Researcher

Professor Jake Olivier

My Expertise

Biostatistics; Injury epidemiology; Road safety

Field of Research (FoR)

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Biography

I am part of the Biostatistics and Ecology research group in the School of Mathematics and Statistics. My research interests are focused on statistical methods applied to epidemiological, psychological and population health data. My main application area is in road safety and injury research, although I routinely collaborate with cancer, psychological and cardiovascular researchers.

Research Goals

I am part of the Biostatistics and Ecology research group in the School of Mathematics and Statistics. My research interests are focused on statistical methods applied to epidemiological, psychological and population health data. My main application area is in road safety and injury research, although I routinely collaborate with cancer, psychological and cardiovascular researchers.

Research Goals

  • Improving methods for assessing population-based interventions
  • Developing methods for estimating and accounting for regression to the mean
  • Novel methods for estimating population attributable fractions (with Dr Maarit Laaksonen)
  • Making sense of naturalistic driving study data

Research in Detail

There are many statistical challenges in quasi-experimental designs due to lack of randomisation. This makes it difficult to assess the impact of population-based interventions due to unmeasured confounding. Some examples of interest are assessing the effects of bicycle helmet legislation and measures to limit access to guns. Interrupted time series, with or without a control, offer an improvement over other methods. However, little work has been done in this area and there is little standardization of analytic approaches across various fields such that varying analyses can lead to disparate conclusions using the same data source.

It is well known that statistical significance is a function of sample size. This is problematic because important effects can go unnoticed in studies with small sample sizes, and unimportant effects can give small p-values from large studies. Effect sizes can complement significance testing by removing the influence of sample size. A lot of work on this topic can be found in psychological research but little has been done on epidemiological measures like the odds ratio, relative risk or hazards ratio.


My Grants

NHMRC MRFF Grant 2020 -- 2025, J. Pimanda, M. Polizzotto, M. Hertzberg, A. Wei, M. Dawson, R. Lock, A. Unnikrishnan, J. Olivier, C. Fong, P. Campbell, AZA+: A multi-site phase 1/2 dose escalation/expansion trial combining azacitidine and defactinib for high-risk myelodysplastic syndrome patients who fail to respond to azacitidine alone

Queensland Department of Transport and Main Roads 2019 -- 2020. J. Hatfield, S. Boufous, R. Friswell, J. Olivier, A. Williamson. Development and application of a young driver evaluation framework and toolset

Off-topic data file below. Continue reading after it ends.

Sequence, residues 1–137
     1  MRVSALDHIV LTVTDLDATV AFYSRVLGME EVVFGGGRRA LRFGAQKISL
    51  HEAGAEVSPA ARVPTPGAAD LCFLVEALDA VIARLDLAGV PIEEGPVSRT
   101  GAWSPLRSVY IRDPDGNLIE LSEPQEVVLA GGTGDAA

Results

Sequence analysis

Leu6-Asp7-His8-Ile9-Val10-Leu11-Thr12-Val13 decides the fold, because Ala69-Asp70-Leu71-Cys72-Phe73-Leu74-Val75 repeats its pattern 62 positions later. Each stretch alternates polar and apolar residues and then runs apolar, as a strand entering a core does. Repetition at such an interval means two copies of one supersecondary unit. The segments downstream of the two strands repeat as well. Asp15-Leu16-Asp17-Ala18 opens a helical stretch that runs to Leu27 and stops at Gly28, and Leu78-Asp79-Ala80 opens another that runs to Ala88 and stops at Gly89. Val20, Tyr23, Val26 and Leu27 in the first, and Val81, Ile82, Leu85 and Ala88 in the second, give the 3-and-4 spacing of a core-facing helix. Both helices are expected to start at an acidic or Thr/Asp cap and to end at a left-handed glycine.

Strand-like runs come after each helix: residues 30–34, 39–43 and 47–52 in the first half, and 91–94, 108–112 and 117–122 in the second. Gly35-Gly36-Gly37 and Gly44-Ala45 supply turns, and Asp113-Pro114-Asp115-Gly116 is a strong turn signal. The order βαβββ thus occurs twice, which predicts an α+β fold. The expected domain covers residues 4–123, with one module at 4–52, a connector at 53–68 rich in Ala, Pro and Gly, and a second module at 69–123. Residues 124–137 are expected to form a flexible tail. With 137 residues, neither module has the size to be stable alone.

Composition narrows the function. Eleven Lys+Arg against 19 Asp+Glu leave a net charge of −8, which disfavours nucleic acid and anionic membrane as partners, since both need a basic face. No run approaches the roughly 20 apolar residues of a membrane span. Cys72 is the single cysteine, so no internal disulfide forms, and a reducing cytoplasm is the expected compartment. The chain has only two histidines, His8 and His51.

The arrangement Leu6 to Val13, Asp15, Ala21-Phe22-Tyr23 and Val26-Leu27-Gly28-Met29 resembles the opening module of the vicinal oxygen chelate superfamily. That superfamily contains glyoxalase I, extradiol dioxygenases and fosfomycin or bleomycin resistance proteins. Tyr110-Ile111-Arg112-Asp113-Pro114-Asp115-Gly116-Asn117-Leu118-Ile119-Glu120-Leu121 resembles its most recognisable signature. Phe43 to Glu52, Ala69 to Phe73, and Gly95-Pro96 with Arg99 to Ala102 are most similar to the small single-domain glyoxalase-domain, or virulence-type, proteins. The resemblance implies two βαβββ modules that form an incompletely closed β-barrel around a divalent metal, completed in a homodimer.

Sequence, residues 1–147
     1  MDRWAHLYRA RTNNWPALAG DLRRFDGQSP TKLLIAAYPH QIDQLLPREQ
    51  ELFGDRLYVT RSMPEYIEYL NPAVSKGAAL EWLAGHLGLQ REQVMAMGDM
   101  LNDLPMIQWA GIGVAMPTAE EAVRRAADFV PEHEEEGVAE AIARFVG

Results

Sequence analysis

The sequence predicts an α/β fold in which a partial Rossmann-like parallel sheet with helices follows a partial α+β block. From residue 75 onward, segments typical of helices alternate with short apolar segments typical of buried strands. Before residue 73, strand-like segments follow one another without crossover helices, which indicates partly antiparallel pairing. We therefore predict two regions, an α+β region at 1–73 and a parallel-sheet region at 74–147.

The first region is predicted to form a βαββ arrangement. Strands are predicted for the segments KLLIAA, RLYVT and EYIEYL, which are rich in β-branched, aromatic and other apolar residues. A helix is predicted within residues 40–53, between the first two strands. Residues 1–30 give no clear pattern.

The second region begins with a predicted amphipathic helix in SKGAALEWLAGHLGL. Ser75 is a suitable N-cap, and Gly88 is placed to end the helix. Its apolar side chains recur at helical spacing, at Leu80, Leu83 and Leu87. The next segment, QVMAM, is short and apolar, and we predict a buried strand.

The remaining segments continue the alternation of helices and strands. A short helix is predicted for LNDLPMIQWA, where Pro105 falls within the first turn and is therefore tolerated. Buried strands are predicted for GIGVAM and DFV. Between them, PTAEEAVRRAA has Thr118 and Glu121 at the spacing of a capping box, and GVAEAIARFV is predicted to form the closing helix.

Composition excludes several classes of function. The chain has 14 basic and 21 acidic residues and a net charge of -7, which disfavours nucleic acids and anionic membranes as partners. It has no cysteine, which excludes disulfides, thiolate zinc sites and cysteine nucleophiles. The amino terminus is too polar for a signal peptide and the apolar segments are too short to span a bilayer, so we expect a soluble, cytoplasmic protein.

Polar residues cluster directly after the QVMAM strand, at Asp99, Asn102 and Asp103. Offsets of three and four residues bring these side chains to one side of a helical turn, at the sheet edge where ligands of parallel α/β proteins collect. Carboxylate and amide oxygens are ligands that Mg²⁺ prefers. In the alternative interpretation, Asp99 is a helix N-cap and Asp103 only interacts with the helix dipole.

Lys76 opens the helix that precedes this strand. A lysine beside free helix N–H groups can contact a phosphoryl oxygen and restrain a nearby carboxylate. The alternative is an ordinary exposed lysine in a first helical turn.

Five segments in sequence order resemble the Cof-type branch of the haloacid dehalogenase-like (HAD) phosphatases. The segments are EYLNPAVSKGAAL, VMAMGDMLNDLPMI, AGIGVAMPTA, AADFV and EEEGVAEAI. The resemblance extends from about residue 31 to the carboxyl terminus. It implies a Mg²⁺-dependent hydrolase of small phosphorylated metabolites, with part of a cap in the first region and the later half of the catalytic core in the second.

ARC Discovery 2017 -- 2019, J. Brown, L. Bilston, J. Charlton, S. Koppel, L. Keay, J. Olivier, Design features critical for correct use of child car restraints

Transport for New South Wales 2017 -- 2018, T. Senserrick, S. Boufous, J. Hatfield, J. Olivier, A Williamson, GJ Knight, Evaluation of the NSW Motorcycle Graduated Licencing System

Swedish Transport Administration 2016 -- 2018, J. Olivier, R. Grzebieta, Systematic review of the impact of bicycle helmet use and legislation on cycling injury and participation

Queensland Department of Transport and Main Roads 2016 -- 2017, T. Senserrick, S. Boufous, J. Hatfield, J. Olivier, Queensland's Graduated Licensing System (GLS)


My Qualifications

Accredited Statistician (AStat), Statistical Society of Australia, 2016 - 

PhD in Statistics, University of Mississippi, 2003

MSc in Mathematics, University of Mississippi, 1997

BSc in Mathematics, Centenary College of Louisiana, 1995


My Awards

University of Mississippi Dissertation Fellowship 

John A. Hardin Mathematics Award, Centenary College

Paul and Myrtle Bender Mathematics and Physical Science Scholarship, Centenary College


My Research Supervision


Areas of supervision

Interrupted time series methods for assessing population-based interventions

Methods for regression to the mean

Joint modelling of longitudinal and time-to-event data


Currently supervising

Rianti Siswi Utami (with A/Prof Pierre Lafaye de Micheaux, Dr Maarit Laaksonen)

Raaj Kishore Biswas (with Em Prof Ann Williamson, Prof Teresa Senserrick)


My Engagement

Academic Editor, PLOS ONE

Statistical Advisor, BMJ Open

Associate Editor, Journal of Road Safety

Past President/VP and Treasurer of the NSW Branch of the Statistical Society of Australia, and past Chair of the Biostatistics Section

Member, American Statistical Association

Member, Australasian College of Road Safety

Member, Australian Injury Prevention Network


My Teaching

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Location

School of Mathematics and Statistics
Room 2051, The Red Centre (H13)
University of New South Wales
Sydney, NSW 2052

Map reference (Google map)

Contact

02 9385 6656